Early life history of American lobsters in coastal southern New England waters

Principal Investigator: Jeremy Collie (URI GSO)

Collaborators: Conor McManus (RI DEM), Rick Wahle (University of Maine)

Funding Source: National Sea Grant Program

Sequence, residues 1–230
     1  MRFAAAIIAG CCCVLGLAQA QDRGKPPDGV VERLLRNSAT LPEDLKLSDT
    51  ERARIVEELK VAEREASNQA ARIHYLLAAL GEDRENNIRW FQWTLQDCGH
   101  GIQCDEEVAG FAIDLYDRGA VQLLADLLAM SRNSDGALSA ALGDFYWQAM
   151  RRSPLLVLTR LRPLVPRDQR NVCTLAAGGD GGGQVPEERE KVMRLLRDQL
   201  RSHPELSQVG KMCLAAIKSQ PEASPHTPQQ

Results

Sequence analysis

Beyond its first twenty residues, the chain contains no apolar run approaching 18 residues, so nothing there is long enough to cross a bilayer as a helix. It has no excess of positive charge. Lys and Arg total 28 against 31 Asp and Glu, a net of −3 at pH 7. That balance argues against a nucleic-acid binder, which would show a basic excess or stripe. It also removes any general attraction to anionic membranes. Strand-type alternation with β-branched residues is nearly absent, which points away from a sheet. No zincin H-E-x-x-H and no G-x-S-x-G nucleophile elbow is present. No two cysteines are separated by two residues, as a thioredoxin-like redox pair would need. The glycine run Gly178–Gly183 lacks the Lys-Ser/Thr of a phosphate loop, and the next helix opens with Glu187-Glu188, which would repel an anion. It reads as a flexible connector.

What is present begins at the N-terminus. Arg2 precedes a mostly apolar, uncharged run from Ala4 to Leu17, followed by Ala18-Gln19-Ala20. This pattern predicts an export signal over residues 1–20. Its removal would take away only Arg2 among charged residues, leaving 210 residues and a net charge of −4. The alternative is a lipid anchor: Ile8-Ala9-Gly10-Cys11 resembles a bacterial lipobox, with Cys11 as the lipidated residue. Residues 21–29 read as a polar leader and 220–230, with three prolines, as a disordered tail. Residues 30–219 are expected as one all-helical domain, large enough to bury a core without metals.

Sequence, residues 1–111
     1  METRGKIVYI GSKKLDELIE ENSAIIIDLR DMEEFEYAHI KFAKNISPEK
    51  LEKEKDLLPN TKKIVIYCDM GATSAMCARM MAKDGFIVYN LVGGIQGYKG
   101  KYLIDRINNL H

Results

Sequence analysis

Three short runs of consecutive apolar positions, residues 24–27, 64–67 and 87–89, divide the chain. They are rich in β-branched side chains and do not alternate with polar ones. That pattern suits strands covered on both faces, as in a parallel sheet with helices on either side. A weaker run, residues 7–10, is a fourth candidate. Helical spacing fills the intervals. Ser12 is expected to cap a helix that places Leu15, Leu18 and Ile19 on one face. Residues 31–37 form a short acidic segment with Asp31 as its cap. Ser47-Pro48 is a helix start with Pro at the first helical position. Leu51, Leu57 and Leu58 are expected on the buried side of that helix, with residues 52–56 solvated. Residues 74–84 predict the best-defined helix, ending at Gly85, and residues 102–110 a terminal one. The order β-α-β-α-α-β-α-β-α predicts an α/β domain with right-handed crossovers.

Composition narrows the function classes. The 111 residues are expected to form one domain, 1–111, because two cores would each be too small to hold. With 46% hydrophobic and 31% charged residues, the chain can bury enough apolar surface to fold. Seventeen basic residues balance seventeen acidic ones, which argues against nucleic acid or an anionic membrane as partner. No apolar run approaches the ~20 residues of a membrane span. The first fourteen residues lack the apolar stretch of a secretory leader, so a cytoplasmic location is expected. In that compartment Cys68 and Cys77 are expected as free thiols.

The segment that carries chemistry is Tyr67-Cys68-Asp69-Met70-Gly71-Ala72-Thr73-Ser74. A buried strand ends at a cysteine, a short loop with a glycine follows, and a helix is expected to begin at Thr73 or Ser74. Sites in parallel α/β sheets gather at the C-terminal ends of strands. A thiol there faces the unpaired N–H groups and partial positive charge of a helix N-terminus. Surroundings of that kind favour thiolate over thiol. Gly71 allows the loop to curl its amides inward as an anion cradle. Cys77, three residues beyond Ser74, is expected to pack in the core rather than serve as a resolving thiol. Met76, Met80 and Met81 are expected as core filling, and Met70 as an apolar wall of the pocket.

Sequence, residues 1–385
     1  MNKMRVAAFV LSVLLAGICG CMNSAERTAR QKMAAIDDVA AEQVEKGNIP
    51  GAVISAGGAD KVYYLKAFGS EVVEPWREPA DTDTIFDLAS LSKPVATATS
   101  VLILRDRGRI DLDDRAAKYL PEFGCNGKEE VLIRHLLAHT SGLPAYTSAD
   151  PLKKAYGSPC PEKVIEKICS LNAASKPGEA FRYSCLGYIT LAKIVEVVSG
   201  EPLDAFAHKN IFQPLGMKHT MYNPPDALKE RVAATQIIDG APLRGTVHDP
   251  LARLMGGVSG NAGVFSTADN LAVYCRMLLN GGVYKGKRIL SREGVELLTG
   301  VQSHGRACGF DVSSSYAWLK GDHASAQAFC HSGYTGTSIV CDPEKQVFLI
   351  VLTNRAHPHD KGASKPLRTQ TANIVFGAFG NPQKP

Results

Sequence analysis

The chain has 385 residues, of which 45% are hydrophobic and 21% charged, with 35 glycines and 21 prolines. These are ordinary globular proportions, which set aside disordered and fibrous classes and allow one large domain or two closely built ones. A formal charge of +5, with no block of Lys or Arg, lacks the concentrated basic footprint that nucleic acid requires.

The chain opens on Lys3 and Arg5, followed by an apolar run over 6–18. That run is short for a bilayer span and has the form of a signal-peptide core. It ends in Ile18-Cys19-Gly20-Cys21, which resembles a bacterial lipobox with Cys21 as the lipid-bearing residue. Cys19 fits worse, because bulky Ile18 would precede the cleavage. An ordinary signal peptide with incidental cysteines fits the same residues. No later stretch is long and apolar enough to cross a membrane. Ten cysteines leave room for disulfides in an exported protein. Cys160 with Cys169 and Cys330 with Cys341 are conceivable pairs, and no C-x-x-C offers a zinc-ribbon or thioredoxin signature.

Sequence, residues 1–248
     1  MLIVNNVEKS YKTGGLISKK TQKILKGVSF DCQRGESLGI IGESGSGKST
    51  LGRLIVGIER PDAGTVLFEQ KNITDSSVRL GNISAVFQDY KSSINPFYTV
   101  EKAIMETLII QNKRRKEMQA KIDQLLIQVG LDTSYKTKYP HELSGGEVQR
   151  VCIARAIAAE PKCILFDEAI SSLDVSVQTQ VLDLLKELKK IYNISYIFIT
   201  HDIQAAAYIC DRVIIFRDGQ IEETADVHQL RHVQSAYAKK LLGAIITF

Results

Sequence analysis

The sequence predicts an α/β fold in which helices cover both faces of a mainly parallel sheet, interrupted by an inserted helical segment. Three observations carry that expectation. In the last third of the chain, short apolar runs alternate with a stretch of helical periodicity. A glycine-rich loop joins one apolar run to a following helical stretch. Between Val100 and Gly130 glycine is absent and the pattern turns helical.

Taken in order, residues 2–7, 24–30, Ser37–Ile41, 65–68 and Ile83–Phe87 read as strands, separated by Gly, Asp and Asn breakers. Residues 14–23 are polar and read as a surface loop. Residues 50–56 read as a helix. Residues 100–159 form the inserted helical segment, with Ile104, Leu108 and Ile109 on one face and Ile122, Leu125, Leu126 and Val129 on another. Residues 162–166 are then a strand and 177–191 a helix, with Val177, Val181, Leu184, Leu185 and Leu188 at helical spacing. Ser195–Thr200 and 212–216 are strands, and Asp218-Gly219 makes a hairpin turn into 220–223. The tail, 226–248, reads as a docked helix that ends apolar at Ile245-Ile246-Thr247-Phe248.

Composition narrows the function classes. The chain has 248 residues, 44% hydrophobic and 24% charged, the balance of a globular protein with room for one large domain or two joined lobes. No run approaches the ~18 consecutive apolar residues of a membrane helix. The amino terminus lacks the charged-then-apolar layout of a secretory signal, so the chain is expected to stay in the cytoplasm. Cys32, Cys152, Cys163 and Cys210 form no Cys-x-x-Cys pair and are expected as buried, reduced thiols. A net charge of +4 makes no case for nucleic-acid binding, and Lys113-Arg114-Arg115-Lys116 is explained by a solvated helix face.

The Southern New England (SNE) lobster stock is currently experiencing recruitment failure, with a population bottleneck occurring somewhere between the egg and juvenile stages. The objective of this project is to measure the abundance and spatial distribution of lobster larvae and post-settlement juveniles in Rhode Island waters to identify where in the life history the recruitment bottleneck occurs. The project components include lobster larvae sampling and temperature profile measurements, coupled with collector sampling that targets post-settlement and early benthic phase lobsters. Resulting data will be used to test whether lobster recruitment is limited more by pre- or post-settlement processes. The investigators will test whether a thermal refuge exists for juvenile lobsters at depths deeper than those that have been historically occupied. Field data will be interpreted in the broader context of circulation patterns and thermal habitat on the SNE continental shelf. A better understanding of the connectivity between egg production, pelagic larvae and benthic young-of-year, and juvenile abundances will provide insight into survival during this critical period of lobster life history. Understanding the processes regulating recruitment and the survival bottleneck is imperative for rebuilding the SNE lobster stock.